With the installation complete, our plan was to take the RX-7 to a dyno and dial in some extra boost pressure with the e-Boost2, as well as fine-tune the gate pressure and sensitivity. The e-Boost2’s ability to adjust wastegate pressure is a particularly attractive feature, since fine-tuning in this area will increase the responsiveness of the turbocharger. Tuning wastegate sensitivity with the e-Boost2 is also a great feature, as it allows the user to dial out any oscillations in the boost curve.
Unfortunately, we didn’t get to the dyno to fully explore the tuning potential of the e-Boost2 because an engine problem that developed at the racetrack just prior to this installation hasn’t been sorted out yet. So we’re not going to get a chance to max out the stock turbos, as there’s a fresh engine build and a single-turbo conversion coming this winter. The good news is that we’re not only going to document how the e-Boost2 and dual-port BOV perform on this new setup, but we’re also going to document the single-turbo conversion itself and the engine build, too.
In the meantime, if you’re looking for a boost controller that’s also a gauge for both boost and rpm and is capable of controlling water, methanol, or nitrous injection, we highly recommend you take a close look at the e-Boost2. This feature-rich unit is not only incredibly powerful and easy-to-use (completely controlled with the three buttons on its face), it’s also very simple to install, and Turbosmart’s excellent two-part installation and tuning videos on YouTube make the process downright enjoyable and educational.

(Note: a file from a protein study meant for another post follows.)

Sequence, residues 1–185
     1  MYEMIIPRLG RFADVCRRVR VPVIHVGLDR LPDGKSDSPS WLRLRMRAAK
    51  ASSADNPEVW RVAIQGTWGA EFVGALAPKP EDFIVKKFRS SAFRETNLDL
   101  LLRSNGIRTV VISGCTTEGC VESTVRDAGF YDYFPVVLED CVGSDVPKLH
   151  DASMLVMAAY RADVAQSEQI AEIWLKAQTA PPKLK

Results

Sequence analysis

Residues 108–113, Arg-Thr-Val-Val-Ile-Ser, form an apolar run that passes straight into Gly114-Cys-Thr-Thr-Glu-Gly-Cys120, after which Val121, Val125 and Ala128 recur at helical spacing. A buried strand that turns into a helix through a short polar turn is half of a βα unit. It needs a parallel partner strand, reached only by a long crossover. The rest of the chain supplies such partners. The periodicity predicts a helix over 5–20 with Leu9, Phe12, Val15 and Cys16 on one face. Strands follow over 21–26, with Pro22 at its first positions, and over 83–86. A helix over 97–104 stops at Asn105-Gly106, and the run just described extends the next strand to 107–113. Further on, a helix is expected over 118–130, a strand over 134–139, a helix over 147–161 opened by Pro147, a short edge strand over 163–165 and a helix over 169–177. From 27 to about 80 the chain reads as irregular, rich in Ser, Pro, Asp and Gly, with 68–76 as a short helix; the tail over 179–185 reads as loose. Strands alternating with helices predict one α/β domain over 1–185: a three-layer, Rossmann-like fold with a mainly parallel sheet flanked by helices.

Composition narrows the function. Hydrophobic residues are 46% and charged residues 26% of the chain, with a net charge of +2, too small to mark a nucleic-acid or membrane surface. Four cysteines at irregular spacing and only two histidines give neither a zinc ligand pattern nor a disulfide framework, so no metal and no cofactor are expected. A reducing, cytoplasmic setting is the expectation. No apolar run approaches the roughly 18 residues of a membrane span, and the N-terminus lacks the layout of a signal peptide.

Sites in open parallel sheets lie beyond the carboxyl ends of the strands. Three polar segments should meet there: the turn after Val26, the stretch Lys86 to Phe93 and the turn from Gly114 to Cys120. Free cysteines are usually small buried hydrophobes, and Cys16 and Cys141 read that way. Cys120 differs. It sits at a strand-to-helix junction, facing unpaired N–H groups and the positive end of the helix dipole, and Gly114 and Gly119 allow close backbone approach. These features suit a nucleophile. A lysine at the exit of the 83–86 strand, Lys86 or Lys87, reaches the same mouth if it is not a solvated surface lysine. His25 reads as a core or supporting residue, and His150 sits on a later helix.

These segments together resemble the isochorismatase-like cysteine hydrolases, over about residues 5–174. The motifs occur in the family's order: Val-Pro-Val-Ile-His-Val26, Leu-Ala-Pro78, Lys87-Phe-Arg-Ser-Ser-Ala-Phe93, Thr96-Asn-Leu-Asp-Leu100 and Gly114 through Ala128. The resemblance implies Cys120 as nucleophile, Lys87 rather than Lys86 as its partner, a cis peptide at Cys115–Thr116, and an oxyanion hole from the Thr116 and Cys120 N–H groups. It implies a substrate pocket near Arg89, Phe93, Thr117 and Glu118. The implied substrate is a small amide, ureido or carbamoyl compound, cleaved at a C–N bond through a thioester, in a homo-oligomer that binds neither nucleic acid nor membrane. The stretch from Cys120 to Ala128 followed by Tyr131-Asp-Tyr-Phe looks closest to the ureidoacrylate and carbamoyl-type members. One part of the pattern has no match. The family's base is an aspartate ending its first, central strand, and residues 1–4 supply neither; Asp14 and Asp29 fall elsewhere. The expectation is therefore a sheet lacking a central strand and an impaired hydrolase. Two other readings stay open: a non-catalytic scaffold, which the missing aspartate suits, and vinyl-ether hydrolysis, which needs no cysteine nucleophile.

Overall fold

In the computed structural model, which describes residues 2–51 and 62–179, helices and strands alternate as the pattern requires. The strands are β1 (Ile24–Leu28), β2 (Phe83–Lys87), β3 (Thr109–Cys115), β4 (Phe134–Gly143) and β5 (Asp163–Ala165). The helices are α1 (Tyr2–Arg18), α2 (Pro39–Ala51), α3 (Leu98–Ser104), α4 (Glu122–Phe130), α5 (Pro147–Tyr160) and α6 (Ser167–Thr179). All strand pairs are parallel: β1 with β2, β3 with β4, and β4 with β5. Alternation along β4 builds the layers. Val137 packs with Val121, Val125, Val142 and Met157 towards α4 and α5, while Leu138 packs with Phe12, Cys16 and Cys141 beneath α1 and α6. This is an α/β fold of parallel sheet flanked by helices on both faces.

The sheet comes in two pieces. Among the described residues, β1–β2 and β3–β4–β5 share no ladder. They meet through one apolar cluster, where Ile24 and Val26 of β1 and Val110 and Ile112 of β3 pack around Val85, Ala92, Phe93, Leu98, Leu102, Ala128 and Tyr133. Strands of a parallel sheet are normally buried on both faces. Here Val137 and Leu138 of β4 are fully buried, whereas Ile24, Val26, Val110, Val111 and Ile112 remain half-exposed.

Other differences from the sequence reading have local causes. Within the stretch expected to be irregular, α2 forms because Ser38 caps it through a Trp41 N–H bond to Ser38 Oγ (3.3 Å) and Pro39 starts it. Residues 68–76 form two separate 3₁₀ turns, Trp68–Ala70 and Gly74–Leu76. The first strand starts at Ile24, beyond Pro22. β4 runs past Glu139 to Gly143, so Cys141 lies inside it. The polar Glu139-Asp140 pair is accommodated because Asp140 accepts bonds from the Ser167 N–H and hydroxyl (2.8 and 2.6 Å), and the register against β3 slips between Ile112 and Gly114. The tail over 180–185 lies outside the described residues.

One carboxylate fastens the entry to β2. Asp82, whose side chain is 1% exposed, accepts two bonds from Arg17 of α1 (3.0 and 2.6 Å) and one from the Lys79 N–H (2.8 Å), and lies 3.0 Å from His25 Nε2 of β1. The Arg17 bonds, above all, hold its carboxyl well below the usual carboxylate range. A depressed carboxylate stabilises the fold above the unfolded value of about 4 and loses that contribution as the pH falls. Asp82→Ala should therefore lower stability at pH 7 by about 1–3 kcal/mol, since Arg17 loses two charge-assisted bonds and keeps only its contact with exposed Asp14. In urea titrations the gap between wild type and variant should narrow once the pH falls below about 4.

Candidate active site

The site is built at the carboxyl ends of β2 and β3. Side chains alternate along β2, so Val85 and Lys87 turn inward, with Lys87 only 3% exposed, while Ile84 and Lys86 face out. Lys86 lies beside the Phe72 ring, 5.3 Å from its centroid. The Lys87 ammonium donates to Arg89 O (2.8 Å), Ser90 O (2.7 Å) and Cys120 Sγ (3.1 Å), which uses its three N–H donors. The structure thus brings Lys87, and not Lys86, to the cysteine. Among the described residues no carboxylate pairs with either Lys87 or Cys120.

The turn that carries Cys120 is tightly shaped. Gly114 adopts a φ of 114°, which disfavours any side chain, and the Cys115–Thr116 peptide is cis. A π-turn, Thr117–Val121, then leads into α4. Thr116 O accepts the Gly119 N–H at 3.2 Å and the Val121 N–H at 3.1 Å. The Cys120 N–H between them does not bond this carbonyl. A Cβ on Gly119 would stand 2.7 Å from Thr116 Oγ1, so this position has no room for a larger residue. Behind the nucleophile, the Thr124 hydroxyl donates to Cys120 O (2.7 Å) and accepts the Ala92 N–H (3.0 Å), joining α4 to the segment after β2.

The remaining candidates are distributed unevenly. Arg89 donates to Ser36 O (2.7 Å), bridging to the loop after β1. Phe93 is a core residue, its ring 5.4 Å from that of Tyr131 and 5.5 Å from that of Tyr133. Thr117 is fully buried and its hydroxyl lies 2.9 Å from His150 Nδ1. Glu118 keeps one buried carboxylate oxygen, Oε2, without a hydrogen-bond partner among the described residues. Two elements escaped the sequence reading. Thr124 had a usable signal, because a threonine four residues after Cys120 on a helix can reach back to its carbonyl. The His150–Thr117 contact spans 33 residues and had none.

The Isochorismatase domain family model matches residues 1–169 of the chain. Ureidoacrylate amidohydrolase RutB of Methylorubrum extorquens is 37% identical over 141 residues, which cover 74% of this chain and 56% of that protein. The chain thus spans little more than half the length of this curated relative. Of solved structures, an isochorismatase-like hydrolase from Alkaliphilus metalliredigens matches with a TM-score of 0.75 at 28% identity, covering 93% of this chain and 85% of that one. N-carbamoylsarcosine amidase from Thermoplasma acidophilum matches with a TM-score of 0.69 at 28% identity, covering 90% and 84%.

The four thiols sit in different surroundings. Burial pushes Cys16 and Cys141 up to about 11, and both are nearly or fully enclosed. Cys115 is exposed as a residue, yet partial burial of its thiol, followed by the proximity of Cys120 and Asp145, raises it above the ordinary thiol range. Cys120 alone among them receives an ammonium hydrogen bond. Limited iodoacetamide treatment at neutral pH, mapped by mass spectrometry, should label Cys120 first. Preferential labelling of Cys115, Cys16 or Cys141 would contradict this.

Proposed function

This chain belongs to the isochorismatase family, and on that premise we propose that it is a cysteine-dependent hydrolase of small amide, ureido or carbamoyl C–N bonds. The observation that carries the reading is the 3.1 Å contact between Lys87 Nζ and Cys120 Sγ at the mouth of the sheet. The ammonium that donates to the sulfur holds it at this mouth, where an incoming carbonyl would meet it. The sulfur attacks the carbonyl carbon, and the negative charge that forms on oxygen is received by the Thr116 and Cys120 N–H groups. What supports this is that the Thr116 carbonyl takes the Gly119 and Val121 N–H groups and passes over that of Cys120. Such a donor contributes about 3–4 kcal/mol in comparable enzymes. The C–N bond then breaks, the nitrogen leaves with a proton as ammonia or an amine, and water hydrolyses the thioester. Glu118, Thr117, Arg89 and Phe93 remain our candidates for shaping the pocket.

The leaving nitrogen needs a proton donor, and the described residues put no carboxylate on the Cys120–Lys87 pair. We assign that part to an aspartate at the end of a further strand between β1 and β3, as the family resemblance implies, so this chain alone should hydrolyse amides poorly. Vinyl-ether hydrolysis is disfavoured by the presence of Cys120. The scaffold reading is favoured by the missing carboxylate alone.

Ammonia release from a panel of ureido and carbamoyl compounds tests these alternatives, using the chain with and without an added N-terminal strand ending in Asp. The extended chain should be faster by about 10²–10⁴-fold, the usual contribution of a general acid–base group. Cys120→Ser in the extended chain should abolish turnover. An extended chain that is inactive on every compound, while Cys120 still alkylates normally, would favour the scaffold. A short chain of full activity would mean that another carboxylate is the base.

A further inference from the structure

Turbosmart’s e-Boost2 kit comes complete with a gauge-size boost controller and all the hardware and instructions needed for a quick and easy installation.
The Turbosmart 38mm dual-port blow-off valve is beautifully crafted from billet aluminum, and with the two ports being configurable in four different ways, it’s the right BOV for any application.
The detailed diagrams made it dead easy to wire the supplied boost solenoid to the e-Boost2, and we particularly liked the dummy-proof plug-in wiring system on the back of the unit, making it impossible for us to plug the harness into the wrong spot.